The Man Who Invented the Computer: The Biography of John Atanasoff, Digital Pioneer
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From one of our most acclaimed novelists, a David-and-Goliath biography for the digital age.
One night in the late 1930s, in a bar on the Illinois–Iowa border, John Vincent Atanasoff, a professor of physics at Iowa State University, after a frustrating day performing tedious mathematical calculations in his lab, hit on the idea that the binary number system and electronic switches, combined with an array of capacitors on a moving drum to serve as memory, could yield a computing machine that would make his life and the lives of other similarly burdened scientists easier. Then he went back and built the machine. It worked. The whole world changed.
Why don’t we know the name of John Atanasoff as well as we know those of Alan Turing and John von Neumann? Because he never patented the device, and because the developers of the far-better-known ENIAC almost certainly stole critical ideas from him. But in 1973 a court declared that the patent on that Sperry Rand device was invalid, opening the intellectual property gates to the computer revolution.
Jane Smiley tells the quintessentially American story of the child of immigrants John Atanasoff with technical clarity and narrative drive, making the race to develop digital computing as gripping as a real-life techno-thriller.
hand. The machine itself he left in the basement of the physics building. Chapter Six The John Vincent Atanasoff who worked at the Naval Ordnance Laboratory for the next seven years, through the war and then on several projects afterward, was the same man who had made his self-confident, energetic, innovative, and sometimes abrasive way through school, college, graduate school, and a successful teaching career. He worked unceasingly and impressed everyone who knew him, but he did not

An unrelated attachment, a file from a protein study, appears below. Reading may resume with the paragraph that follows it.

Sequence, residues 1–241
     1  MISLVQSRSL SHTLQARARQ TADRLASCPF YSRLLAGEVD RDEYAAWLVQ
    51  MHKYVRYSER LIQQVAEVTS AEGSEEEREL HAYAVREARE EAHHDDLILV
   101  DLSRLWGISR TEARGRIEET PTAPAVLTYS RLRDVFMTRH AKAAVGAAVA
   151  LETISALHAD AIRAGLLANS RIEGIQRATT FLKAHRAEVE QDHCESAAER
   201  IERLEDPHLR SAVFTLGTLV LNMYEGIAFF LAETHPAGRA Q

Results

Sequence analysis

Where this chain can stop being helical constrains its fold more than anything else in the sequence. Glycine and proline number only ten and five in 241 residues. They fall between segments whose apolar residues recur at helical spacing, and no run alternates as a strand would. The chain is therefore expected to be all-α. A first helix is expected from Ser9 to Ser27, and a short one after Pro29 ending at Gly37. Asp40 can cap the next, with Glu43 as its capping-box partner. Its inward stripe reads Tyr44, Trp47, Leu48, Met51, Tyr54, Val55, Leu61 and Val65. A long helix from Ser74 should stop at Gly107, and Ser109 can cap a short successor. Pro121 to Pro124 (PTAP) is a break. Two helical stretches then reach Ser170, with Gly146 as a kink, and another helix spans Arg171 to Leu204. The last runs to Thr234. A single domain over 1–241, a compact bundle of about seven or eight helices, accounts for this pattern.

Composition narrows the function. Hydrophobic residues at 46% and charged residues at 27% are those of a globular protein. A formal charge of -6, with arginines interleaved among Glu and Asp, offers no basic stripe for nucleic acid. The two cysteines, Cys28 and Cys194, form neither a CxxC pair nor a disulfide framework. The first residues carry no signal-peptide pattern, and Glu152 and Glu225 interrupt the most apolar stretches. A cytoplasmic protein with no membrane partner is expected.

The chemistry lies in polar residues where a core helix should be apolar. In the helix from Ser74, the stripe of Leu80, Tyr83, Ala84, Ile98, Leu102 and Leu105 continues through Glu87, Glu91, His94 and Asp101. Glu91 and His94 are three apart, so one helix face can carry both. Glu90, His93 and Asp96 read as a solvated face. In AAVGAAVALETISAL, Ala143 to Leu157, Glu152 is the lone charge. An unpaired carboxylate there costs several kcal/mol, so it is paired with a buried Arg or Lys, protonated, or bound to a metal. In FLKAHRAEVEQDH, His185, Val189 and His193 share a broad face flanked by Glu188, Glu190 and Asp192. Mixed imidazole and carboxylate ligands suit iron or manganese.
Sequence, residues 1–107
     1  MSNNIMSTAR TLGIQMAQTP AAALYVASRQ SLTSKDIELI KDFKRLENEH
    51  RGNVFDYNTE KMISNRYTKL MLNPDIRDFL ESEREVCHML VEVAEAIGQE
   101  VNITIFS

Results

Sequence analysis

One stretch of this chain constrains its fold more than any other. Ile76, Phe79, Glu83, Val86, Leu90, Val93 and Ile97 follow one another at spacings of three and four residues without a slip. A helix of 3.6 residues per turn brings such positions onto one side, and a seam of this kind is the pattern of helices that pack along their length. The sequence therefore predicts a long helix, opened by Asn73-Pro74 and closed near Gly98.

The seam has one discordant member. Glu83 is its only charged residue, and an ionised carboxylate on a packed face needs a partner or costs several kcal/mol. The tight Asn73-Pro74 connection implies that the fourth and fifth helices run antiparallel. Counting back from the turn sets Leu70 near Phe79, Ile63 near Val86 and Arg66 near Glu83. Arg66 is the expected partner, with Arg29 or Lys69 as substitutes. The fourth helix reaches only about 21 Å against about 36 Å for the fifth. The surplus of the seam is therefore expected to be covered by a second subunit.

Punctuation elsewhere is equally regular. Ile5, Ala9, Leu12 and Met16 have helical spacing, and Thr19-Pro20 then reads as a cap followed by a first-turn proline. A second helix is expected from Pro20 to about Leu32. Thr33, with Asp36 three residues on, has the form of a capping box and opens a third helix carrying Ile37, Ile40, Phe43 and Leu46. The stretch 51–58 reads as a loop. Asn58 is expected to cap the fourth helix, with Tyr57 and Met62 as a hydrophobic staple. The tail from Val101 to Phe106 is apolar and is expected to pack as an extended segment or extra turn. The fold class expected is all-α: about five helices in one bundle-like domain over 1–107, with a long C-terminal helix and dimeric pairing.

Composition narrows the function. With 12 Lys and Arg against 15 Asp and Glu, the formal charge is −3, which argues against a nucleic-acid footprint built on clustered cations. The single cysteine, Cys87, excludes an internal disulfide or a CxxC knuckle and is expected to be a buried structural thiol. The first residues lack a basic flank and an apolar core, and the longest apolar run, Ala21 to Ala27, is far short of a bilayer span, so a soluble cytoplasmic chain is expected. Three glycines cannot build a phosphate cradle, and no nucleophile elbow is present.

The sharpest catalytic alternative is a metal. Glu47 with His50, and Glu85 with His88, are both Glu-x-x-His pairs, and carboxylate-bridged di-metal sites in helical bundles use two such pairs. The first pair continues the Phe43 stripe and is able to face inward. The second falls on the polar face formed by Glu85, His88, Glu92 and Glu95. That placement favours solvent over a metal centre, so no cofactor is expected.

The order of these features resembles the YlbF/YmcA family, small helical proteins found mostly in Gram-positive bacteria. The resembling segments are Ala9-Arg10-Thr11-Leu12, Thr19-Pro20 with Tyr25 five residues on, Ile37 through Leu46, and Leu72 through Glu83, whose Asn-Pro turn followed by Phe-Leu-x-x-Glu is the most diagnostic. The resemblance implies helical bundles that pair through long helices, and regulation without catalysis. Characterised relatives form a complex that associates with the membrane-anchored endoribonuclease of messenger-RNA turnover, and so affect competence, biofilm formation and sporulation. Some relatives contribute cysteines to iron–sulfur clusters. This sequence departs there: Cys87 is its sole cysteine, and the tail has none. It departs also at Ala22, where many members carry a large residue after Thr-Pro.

immediately that though it worked, it was not fast enough, and he began on an improved version in February 1944. He was told that the machine had to be installed at Bletchley and functioning by the first of June, the planned date for the invasion of Normandy by the Allied forces. He succeeded. According to Jack Copeland, “Despite the fact that no such machine had previously been attempted, the computer was in working order almost straight away and ready to begin its fast-paced attack on the
across to one another.” Concerning logic circuits, Atanasoff was honest about the fact that he did not perfectly visualize how the logic circuits would work. He imagined a black box, with input from two memory units—“the box would then yield the correct results on output terminals.” Although he did not envision the contents of the box specifically, he did understand that “since I was going to use condensers, why then I supposed the innards would be electrical in character, and I was well aware
not to say where he thought Mauchly had gotten his ideas, but to help Honeywell’s prior-use case against the ENIAC patents. According to Teller, the scientists at Los Alamos, thanks to the von Neumann connection, had made use of ENIAC for calculations concerning the feasibility of the hydrogen bomb in late 1945 and early 1946. The calculations were not especially accurate, but accurate enough to show Teller where he was in error and to suggest which direction he might go in when development of
II era, when hitting a target with a missile was a challenge involving a lot of trial and error. The intimidating and blackboard-filling math for this problem may be the source of the expression “it’s not rocket science,” since rocket science of this sort really is difficult. As an asteroid moves through the solar system, it accelerates under the gravitational forces of the sun, planets, and other masses. Thus, the second derivative of the position (its acceleration) relates to the position by